- Maritime Services

  - News

  - Ship Movements

  - The Shipping World

  - Cruise News &

  - Events Diary

  - Sea Stories

Naval Review

  Port Operators
Transnet National
    Ports Authority

South African ports
  - General Info
  - Durban
  - Richards Bay
  - Cape Town
  - Port Elizabeth
  - East London
  - Mossel Bay
  - Saldanha Bay
  - Port Nolloth

  - Walvis Bay
  - Luderitz

  - Lobito 
  - Luanda 

  - Douala 
  - Port Limbe 

  - Bonny 
  - Port Harcourt 
  - Onne 
  - Lagos 

  - Cotonou 

  - Lome 

  - Tema 

  Cote d'Ivoire
  - Abidjan 

  - Conakry 

  - Maputo 
  - Beira    
  - Nacala

  - Toamasina 

  - Dar es Salaam 

  - Mombasa 

  - Port Louis 

  - Legal News &

  - Glossary of
     Maritime Terms

   - Useful Links

  - Contact Us

  - Home

  - P
AIA Manual

Receive our

Enter your e-mail address below
Enter your City, Country location below



Ports & Ships Maritime News

3 August 2011
Author: Terry Hutson

Improve your branding with your banner on this site and tap into our large readership - contact info@ports.co.za




Click on headline to go direct to story – use the BACK key to return



News continues below...



Image and video hosting by TinyPic

The offshore supply ship TOISA SENTINEL (4,208-gt, built 1982) at rest on her berth in Cape Town harbour. Picture by Aad Noorland


News continues below…


News continues below…



The grounded tanker PHOENIX is continuing to resist efforts of being refloated and yesterday operations aimed at pulling the 15,000-ton ship into deep water came to naught when the tow chain again parted.

The section of chain making up part of the bridle consists of a 2.5” chain with a theoretical braking strain of 700 tonnes, whereas the Smit Amandla has a bollard pull of 180 tonnes and the Smit Siyanda a bollard pull of 100 tonnes.

SAMSA reports that during Monday night the Smit Amandla was able to recover the dyneema towing rope ready for transfer to the Phoenix. At the same time a stronger high grade chain was being prepared and was to be airlifted to the Phoenix during the course of the day.

With swell conditions predicted to increase, which is advantageous when attempting to re-float the vessel, it was anticipated that another attempt at refloating the ship might enjoy success, but unfortunately the tow rope parted during yesterday’s attempt.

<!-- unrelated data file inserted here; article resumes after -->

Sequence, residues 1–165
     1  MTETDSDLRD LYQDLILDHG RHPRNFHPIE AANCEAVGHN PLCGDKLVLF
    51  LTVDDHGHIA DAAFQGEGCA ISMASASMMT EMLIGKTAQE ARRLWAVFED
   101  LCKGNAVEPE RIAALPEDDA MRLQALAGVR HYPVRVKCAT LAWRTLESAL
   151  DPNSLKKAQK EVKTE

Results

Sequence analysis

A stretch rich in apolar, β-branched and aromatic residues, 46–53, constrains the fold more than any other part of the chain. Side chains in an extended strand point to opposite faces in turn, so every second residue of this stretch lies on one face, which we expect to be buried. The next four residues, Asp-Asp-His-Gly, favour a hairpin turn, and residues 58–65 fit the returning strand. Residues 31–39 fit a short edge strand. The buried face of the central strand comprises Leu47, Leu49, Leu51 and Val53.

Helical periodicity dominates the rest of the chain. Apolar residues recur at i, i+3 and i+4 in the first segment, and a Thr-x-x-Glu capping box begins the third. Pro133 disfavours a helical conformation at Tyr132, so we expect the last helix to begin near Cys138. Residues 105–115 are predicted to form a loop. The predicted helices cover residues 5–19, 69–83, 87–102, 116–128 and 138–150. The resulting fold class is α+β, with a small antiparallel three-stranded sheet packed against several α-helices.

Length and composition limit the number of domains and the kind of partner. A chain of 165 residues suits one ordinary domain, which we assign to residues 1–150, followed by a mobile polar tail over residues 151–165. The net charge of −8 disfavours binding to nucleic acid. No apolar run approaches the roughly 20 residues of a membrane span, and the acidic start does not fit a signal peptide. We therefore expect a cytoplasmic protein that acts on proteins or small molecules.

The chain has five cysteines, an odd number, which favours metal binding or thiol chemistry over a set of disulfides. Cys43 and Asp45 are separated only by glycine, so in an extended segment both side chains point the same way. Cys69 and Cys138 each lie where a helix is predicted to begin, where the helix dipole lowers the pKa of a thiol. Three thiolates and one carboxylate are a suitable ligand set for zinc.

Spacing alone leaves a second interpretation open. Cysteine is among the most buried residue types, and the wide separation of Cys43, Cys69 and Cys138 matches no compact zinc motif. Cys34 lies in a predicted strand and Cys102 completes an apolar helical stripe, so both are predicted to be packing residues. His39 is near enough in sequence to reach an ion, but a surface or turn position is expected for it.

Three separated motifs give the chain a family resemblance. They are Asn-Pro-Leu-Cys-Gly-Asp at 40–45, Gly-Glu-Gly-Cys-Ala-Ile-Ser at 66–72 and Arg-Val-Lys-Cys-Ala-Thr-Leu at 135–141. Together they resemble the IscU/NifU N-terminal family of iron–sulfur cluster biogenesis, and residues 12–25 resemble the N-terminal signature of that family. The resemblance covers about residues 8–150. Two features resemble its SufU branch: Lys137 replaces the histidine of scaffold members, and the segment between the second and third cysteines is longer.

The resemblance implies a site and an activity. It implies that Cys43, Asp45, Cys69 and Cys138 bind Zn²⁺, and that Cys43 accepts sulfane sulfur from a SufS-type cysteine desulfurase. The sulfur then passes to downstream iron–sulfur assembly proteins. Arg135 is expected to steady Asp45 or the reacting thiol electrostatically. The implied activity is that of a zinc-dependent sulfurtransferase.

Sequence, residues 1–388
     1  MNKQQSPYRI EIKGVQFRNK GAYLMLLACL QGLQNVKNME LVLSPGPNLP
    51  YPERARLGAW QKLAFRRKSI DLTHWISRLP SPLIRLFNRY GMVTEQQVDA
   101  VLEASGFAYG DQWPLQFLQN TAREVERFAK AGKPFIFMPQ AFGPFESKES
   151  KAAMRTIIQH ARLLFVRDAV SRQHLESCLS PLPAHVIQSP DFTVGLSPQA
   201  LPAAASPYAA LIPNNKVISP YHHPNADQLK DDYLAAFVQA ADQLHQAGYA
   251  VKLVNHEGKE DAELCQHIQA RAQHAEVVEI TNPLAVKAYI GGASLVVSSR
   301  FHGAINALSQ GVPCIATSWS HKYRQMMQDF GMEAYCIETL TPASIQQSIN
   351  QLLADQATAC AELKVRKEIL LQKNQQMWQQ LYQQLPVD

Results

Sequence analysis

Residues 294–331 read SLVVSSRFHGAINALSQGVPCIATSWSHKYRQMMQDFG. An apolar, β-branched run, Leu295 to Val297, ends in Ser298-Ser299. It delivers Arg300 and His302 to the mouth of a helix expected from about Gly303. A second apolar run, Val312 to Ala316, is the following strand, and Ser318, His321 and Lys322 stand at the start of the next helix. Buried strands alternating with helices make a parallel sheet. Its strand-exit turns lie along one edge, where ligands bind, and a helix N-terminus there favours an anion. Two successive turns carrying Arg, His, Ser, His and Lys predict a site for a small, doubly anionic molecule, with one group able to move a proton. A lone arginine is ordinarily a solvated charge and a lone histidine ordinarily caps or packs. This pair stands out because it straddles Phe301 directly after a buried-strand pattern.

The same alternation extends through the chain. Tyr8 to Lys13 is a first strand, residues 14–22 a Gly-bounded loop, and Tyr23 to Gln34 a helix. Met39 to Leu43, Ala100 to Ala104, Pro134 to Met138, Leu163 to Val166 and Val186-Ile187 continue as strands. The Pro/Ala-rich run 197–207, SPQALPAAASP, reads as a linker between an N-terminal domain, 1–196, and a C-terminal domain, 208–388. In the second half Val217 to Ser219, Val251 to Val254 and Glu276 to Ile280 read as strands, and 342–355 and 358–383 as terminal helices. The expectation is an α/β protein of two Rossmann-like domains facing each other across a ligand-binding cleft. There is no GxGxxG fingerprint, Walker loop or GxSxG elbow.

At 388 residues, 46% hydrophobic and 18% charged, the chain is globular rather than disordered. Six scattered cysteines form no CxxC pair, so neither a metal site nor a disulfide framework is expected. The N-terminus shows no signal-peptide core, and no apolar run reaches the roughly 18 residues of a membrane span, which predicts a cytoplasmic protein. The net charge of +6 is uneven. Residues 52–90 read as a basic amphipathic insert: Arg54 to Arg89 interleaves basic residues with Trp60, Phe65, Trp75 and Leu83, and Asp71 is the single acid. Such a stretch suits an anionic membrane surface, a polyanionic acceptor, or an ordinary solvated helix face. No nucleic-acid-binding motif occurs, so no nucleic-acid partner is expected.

A further attempt is scheduled for today (Wednesday) providing the necessary equipment can be recovered and re-rigged in time.

SAMSA’s Captain Saroor Ali is responsible for all operations regarding the salvage of the vessel.

Meanwhile, some light traces of marine gas oil (diesel) have been noted on the beach. The Department of Environmetal Affairs, which together with Provincial and local environmental authorities are continuing to monitor the area and all traces of oil are being cleaned up when found. As a precautionary measure the DEA advises that the collection and consumption of shellfish from the area of the vessel should be strongly discouraged until further notice.

It is also noted that people are continuing to use the sea area around the vessel for surfing, swimming, body boarding etc. According to SAMSA not only are these people endangering their own lives, especially during helicopter operations, but they may also hamper the operations on-board while rigging towing gear. Water uses are urged to remain well clear of the vessel at all times.


News continues below...



Image and video hosting by TinyPic
Bay of Namibe

Namibe, Angola – Construction work on rebuilding Angola’s Moçâmedes railroad, which began in 2006 and is due to end in December, is over two thirds complete, the chairman of the company that manages the facility, Daniel Quipaxe said last week.

Quipaxe said that 680 kilometres out of a total of 970 kilometres of the line have been completed between Namibe (the present name of Moçâmedes) and Menongue in the province of Cuando Cubango.

His announcement came at the end of a visit by the governor of Huíla province, Isaac dos Santos, to inspect work being carried out on the railway station of Lubango and the work to compact the platforms at Arimba da Chanja station.

China is responsible for most of the investment in the railroad, which has been funded through a US$2 billion credit line provided by the Export Import Bank. India is also involved in funding the railroad.